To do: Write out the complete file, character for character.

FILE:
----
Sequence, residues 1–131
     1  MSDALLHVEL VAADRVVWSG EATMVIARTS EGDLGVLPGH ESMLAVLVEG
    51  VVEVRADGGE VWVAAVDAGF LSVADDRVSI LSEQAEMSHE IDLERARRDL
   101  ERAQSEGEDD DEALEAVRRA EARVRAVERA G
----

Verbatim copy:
Sequence, residues 1–131
     1  MSDALLHVEL VAADRVVWSG EATMVIARTS EGDLGVLPGH ESMLAVLVEG
    51  VVEVRADGGE VWVAAVDAGF LSVADDRVSI LSEQAEMSHE IDLERARRDL
   101  ERAQSEGEDD DEALEAVRRA EARVRAVERA G